the ill and ailing."

    The Trustees in England showed their interest in Dr. Nunez’s work and sent him "casks of wine
    and packets of drugs" to be used in treating the colonists. With "two barrels containing twenty-
    three deer skins, weight of Bears oil" and several parcels of " sea pod, make root, sassafras,
    china root, sumac, and contra-yerba." Dr. Nunez opened the first pharmacy in Georgia to
    compound his medications form imported and native grown herbs.

    Dr. Nunez watched with apprehension while General Oglethorpe made a series of aggressive
    moves southward toward Spanish Florida form 1735 to 1740. First came the fortifications of St.
    Simons Island and then the establishment of the British Fort in Frederica. Finally came the
    preparations and the disastrous attack and the unsuccessful alege of the Spanish Fort at St.
    Augustine. The beaten British troops brought news that the Spanish were planning on invading
    Georgia. The Inquisition was still a reality to Dr. Nunez and his family. His aunt, Abigail de Lyon,
    who had recently died in Savannah, carried to her grave the marks of the ropes which had tied
    her to a rack in a Portuguese dungeon. Dr. Nunez had given up an assured position of wealth and
    affluence in Lisbon to practice the faith of his Jewish forefathers. And he had no desire to expose
    his family and himself to the uncertain mercy of the Spanish Inquisitors again.

    Dr. Nunez paid his last visit to his patients, traveling by foot, horse and rowboat. He again
    assembled his family: his mother , his wife Rebecca, his two sons Daniel and Moses, his
    Portuguese-born daughter, Zipporah, his Georgia-born daughter Esther and his personal servant
    Shem Noah, and set sail for Charleston, South Carolina. The Portuguese Inquisition had been
    responsible for the arrival in Georgia of Dr. Nunez, gentlemen of letters, humane and skillful
    physician, the first active practitioner of medicine in this colony. The threat of the Spanish
    Inquisition was responsible for his departure from Georgia after he had helped sustain the
    colonists for seven long and arduous years.

    When the threat of Spanish invasion subsided, the family returned to Savannah. Dr. Nunez’s
    name fades in the mist of history but his qualities carried on in his children. His Son Moses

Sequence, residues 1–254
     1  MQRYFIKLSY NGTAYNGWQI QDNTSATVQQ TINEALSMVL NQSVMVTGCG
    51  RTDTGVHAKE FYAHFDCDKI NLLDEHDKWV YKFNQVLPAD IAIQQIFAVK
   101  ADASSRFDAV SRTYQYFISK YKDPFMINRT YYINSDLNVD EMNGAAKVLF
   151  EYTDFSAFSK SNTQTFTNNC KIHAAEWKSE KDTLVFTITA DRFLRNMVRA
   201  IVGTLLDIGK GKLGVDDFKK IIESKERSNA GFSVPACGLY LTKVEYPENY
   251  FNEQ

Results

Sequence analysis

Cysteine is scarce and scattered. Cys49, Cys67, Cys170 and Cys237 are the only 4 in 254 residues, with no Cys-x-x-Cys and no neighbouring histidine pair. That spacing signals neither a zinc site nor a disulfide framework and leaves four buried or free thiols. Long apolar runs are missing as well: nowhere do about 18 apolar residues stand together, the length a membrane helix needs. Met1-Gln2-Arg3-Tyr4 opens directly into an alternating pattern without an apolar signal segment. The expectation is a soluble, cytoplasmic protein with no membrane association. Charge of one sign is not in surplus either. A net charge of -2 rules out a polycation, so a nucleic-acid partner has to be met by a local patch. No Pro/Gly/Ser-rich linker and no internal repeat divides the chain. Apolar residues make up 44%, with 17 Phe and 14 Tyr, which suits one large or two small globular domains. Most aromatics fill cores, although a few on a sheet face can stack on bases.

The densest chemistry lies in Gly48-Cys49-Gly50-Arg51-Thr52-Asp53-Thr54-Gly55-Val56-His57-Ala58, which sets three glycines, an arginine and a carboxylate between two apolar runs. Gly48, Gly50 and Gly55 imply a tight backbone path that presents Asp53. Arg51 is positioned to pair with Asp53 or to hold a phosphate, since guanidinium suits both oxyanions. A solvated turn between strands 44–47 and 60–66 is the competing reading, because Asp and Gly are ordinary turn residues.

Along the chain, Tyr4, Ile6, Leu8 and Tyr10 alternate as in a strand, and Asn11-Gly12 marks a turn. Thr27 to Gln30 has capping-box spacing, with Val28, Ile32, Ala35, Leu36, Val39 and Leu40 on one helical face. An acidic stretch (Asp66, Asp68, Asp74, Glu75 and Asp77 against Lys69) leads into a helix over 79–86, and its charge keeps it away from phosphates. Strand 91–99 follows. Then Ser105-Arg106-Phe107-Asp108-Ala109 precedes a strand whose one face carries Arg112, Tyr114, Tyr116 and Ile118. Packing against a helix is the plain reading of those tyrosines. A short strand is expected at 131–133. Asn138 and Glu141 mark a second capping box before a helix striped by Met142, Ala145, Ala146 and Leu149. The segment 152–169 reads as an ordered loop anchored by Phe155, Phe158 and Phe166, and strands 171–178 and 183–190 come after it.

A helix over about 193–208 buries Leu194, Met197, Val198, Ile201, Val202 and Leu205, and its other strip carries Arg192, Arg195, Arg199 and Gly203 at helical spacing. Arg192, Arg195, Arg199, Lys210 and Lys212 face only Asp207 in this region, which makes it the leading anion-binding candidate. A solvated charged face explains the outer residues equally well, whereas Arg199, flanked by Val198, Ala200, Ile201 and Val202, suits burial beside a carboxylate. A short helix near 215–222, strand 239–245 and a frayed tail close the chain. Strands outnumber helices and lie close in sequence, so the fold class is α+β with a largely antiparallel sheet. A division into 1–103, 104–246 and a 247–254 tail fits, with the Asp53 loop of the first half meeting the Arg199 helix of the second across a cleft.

became a man of wealth and distinction and a member of Oglethorpe’s Masonic Lodge .

    He served as Indian interpreter and agent for the Georgia Revolutionary forces. In his will he
    divided his property equally between his children born in and out of wedlock.

    Moses great grandson, Commodore Uriah Phillips Levy, was one of the highest ranking naval
    officers of the Civil War, and it was primarily to his credit that corporal punishment in the U. S.
    Navy was abolished.

    He purchased Thomas Jefferson,s home in Monticello when it was a disgraceful eyesore,
    recreated it, and, through his heirs, transferred it to the U. S. Government.

    The good seed planted by Dr. Samuel Ribeiro Nunez, urbane physician, distinguished man of the
    world, sturdy self-respecting Jew, matured into offspring who also loved mercy, did justly and
    clung tenaciously to their own interpretation of God.

    About the Author:

    In his own words, " a lover of baked beans and codfish balls," Dr. Weinstein is a graduate of both
    Harvard College and Harvard Medical School. He completed his residency in Boston and in 1939
    entered private practice in Atlanta, Georgia. He also teaches surgery at Emory University. During
    World War II, he saw active duty in the Philippines and was wounded during the Battan campaign.
    In 1944, he was taken prisoner and sent to Japan on a "hell ship" to take charge of a P.O.W.
    hospital in Shinagawa, Tokyo. Because of his demands for food and medicine for his patients, the
    Japanese  sent him to a coolie labor camp for three and one half years, and he emerged weighing
    105 pounds.

    He is presently on the staffs of Georgia Baptist, Spalding Pavilion and St. Joseph’s Hospitals in
    Atlanta, and is director of the Spaulding Pavilion for Registered Nurses. In addition to writing for a
    hobby, Dr. Weinstein’s sculpture has appeared in exhibits at the Fogg Art museum in Cambridge
    and the High Museum of Art in Atlanta, Georgia.